Aboriginal leaders in the Kimberley, Pilbara and Perth have rejected the Western Australian government’s plans to amend the state’s Aboriginal Heritage Act to further streamline provisions under section 18 of the AHA that allow for the destruction of Aboriginal sites by developers.

At a bush meeting last Friday at Yule River, south of Port Hedland, representatives of all major Pilbara Aboriginal language groups voted to reject the AHA amendments and called on WA’s Legislative Assembly to form a select committee to develop a new framework for reform of the AHA with meaningful participation by Aboriginal people. A Pilbara Aboriginal delegation will also be sent to Perth for talks with Premier Colin Barnett and also, if necessary, to Canberra, to discuss their concerns with the (de facto) federal Minister for Indigenous Affairs, Tony Abbott.

The previous day, 400 members of the Kimberley Land Council also voted unanimously to reject the AHA amendments at an annual general meeting held in Jarlmadangah, 200 kilometres east of Broome. On Tuesday, September 16, members of Perth’s Noongar community also organised a rally outside WA Parliament denouncing the government’s proposals. A government call for submissions on the proposed AHA amendments drew a record 151 responses in August, almost all of them critical.

Critics (including the Law Society of WA) have highlighted numerous shortcomings in the proposed amendments. Whereas previously the Aboriginal Cultural Materials Committee (comprised of senior Aboriginal people and anthropological and archaeological experts) was responsible for determining the status of Aboriginal sites under the AHA, the current amendments would not only abolish the anthropologist position on the ACMC, but also invest a single government-appointed CEO — who may not necessarily have experience or expertise in heritage matters — with draconian powers over the fate of WA’s Aboriginal cultural heritage.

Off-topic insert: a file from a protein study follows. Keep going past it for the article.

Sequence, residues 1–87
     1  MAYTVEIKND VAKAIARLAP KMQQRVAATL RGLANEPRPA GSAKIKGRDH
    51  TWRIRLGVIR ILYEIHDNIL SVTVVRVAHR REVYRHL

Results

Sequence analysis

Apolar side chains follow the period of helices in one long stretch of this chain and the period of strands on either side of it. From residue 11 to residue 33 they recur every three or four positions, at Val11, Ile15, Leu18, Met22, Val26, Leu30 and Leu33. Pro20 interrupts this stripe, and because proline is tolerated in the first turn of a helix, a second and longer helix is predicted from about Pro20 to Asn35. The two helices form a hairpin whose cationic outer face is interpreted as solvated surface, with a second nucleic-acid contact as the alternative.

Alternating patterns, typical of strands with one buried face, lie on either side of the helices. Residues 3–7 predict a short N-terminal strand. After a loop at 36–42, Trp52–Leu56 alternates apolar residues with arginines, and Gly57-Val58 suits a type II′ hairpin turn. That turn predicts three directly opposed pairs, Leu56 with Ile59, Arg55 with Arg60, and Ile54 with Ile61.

The amendments, it is claimed, are also potentially inconsistent with both the Commonwealth Native Title and Racial Discrimination acts; under section 18 of the Native Title Act, a developer proposing to destroy an Aboriginal site has a right of appeal to the relevant minister, whereas the Aboriginal custodian of the site does not.

The specific regulations under which the AHA would operate are still a closely guarded secret. The amendments themselves appear to have been framed according to a wish list drawn up by mining interests, while no meaningful form of consultation over the AHA amendments appears to have taken place with Aboriginal people or organisations.

For Dr Carolyn Tan, in-house legal counsel at Yamatji Marlpa Aboriginal Corporation, and an authority on indigenous cultural heritage protection regimes in various countries, WA’s current system is:

” … in some ways the worst in mainland Australia. (Although a bill has recently been introduced into Tasmanian Parliament’s to revamp the State’s current outdated heritage legislation) Victoria and Queensland upgraded their Aboriginal cultural heritage legislation in 2004 and 2006 respectively, but only Western Australia seems to be going backwards in terms of recognising the rights of Aboriginal people in relation to their own heritage.”

It would be a mistake, however, to assume that the current state Liberal government record on Aboriginal heritage protection is any worse than that of WA’s previous Carpenter Labor government; in 2006, Labor lifted heritage protected status over a protected rock art area in the Pilbara’s Abydos/Woodstock region, following lobbying by Fortescue Metals Group consultants Julian Grill and Brian Burke, to allow FMG to construct a railway line through the area, in circumstances later investigated — sensationally — by WA’s Corruption and Crime Commission.

In 2006 and 2007, the Carpenter government also gave approval for approximately 940 Aboriginal petroglyphs to be removed from Woodside’s Burrup Peninsula Pluto leases, to make way for the company’s Pluto LNG plant, against the explicit wishes of the local Aboriginal custodians, and after the then-minister for indigenous affairs, Michelle Roberts, had overruled the recommendations of her own expert advisory committee — the Aboriginal Cultural Materials Committee approved the Pluto A s18 proposal (though not the sensitive southern portion), but unanimously rejected the Pluto B proposal.